rhoadley.net music research software blogs
introduction through the sharp hawthorn in principio four archetypes sextet only connect shilbottle cobbles miscellaneous pieces scena concertino three pieces for two pianos conclusions bibliography
Scenawas written as an entry for the Terra Nova Composition Competition 1987. It was not successful.
The text is taken from a variety of sources, linked by selections from The Wasteland by T.S.Eliot. Under this scheme the Tenor Solo takes the part of Tiresias, the hermaphrodite observer from that poem. During the 'scene' he 'remembers' a variety of episodes, usually romantically or sexually based, from works by Dylan Thomas, James Joyce and D.H.Lawrence. The latter's 'contribution' is taken from the seduction scene in Lady Chatterley's Lover - the whole scene was cut to the bone by the composer, leaving only the most lurid and erotic phrases.
Perhaps in an unconscious reaction to the complexities of the earlier pieces Dirges and Dances (submitted for the MA examination), and String Sextet, (see above), Scena was a very different experience compositionally. It differs from the former pieces in that it has a text, and, due to the structure of the text, is split into seven short movements or songs, and this had a considerable affect on the process of composition in that a large proportion of compositional decisions were answered in the process of formulating the text.
However, there are similarities to the Sextet, most notably in the use of contour, although in this piece the contours are used in considerably less complex forms. Due to the small but recurrent nature of the movements, there is little time or need for large passages of development or change, and so the simplicity more structural.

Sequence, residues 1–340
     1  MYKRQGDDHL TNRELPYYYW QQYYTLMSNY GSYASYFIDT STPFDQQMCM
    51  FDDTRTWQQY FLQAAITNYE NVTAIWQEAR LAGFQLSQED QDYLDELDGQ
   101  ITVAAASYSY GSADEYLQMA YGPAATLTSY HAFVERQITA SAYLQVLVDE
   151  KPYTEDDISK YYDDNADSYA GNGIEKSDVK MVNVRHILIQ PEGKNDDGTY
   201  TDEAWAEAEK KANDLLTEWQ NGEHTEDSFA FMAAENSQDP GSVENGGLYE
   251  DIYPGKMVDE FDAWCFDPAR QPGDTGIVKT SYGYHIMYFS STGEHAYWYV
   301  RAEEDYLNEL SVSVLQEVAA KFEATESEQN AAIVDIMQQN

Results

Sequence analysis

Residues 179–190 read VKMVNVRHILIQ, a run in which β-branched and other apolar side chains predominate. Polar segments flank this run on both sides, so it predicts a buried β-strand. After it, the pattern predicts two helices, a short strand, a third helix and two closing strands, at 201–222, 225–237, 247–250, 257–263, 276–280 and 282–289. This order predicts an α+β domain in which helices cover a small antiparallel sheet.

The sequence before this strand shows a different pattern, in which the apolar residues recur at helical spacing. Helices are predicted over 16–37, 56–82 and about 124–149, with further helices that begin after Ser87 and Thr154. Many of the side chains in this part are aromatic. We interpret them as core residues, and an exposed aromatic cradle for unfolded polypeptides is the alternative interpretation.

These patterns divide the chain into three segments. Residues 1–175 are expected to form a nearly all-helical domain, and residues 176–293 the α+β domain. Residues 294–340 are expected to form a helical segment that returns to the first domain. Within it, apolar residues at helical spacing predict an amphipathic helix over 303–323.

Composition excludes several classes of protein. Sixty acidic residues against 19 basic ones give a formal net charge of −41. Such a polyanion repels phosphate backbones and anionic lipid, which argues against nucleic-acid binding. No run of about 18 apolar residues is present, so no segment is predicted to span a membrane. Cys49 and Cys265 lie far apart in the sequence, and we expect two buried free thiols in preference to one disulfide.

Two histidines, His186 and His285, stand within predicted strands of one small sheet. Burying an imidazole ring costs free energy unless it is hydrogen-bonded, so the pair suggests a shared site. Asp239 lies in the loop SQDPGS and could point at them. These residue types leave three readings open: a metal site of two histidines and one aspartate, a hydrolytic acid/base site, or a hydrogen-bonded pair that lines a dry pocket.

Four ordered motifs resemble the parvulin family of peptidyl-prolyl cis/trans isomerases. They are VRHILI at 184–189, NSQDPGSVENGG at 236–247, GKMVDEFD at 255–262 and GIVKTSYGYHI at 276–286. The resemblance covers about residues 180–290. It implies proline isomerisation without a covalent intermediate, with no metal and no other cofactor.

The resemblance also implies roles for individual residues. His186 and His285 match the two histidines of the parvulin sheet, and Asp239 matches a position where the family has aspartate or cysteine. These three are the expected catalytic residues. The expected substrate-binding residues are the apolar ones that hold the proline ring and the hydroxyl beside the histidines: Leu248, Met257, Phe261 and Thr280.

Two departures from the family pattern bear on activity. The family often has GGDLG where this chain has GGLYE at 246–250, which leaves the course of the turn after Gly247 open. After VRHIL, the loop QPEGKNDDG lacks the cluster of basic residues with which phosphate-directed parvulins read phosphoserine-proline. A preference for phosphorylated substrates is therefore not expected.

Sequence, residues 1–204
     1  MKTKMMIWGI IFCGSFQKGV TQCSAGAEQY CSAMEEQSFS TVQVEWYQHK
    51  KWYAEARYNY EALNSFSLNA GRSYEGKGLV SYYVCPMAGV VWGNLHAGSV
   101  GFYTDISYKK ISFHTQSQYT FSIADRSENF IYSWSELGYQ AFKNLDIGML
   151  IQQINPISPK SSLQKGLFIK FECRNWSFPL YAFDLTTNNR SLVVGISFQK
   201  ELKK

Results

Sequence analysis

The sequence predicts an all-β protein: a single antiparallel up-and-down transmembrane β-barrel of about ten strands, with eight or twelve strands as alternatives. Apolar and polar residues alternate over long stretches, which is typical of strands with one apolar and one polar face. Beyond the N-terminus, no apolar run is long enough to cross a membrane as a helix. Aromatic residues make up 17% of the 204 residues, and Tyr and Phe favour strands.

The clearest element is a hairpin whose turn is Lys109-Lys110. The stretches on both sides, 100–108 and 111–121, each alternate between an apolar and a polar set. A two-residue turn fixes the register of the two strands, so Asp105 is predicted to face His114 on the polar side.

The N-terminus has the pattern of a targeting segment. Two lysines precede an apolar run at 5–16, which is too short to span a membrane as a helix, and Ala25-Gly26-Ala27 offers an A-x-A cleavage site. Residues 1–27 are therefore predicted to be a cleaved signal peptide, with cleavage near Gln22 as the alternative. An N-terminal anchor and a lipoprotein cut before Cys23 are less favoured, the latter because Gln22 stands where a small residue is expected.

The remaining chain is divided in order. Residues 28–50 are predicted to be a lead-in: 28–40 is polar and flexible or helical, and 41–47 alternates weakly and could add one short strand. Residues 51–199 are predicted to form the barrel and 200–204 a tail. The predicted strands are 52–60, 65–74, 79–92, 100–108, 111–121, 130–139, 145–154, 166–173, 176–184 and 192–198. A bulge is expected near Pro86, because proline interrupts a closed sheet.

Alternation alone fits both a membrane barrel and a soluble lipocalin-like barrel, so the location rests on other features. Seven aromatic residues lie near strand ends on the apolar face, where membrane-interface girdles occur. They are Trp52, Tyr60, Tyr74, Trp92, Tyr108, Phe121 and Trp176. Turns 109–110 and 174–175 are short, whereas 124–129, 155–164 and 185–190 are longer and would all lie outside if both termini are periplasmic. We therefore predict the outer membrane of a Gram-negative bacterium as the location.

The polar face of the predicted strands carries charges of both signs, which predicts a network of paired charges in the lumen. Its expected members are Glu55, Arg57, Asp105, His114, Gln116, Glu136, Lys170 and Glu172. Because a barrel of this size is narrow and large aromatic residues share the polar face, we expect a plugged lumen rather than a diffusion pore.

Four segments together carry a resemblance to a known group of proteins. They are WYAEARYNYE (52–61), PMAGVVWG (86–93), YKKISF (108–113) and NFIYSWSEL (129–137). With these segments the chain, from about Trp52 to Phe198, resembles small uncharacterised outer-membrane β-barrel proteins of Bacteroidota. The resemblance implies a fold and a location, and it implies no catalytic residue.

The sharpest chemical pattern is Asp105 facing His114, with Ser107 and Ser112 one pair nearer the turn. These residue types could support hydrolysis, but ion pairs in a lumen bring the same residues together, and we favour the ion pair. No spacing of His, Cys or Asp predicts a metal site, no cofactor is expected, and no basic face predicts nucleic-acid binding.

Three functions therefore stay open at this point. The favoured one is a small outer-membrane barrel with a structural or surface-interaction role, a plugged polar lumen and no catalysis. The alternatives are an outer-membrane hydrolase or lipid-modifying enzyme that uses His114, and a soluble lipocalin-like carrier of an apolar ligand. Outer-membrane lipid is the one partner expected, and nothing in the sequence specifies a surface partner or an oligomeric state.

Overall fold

The piece is a set of songs linked by a recurring 'chorus', the text of which are the recurring 'recitations' of Tiresias placed throughout The Wasteland. They provide an element of overview to the textual process throughout the piece as a whole: that is, the development from love and sex to death.
Musically, the 'choruses' are typified by a melodic fragment or contour: the individual notes may change, but the shape remains. This idea in obvious in the opening page of the piece, where all the instruments playing use similarly shaped ideas. Of course, the freedom of using this also means that varying material is easily generated.
The voice does not take part in this melodic development. It usually plays a more lyrical role influenced by word-painting and effects than the instrumental material, (e.g. 'throbbing', page 3; 'wrinkled', page 4; etc., etc.)
(T.S.Eliot, The Wasteland)
As mentioned above, this is a 'chorus'. The main 'theme' is gradually revealed through the bass clarinet (ex 1:5) , double bassoon (ex 1:6) , horn and lower strings supporting a more '3-D' network of these figures in the harp, (ex 1:4) .
The melodic shapes are subsequently explicitly given in the flute, oboe and violin.ex 1:12 & 1:17 respectively. This melodic shape plays a part to some extent in all other pieces in the portfolio.
This movement also witnesses the appearance of a further figure that is to play a part in future pieces. It is tied onto a version of the above contour at the end of the movement,(ex 1:41-1:49) , and is a simple downward moving, staccato or spiccato, non-diatonic scale.
II Your Pain Shall Be A Music
(Dylan Thomas, Selected Poems)
III Do You Know...?
(James Joyce, Selected Letters)
These are two rather simple songs. The fact that the text of the second is prose makes it more of a 'recitative' than an 'aria'.
IV I Tiresias (2)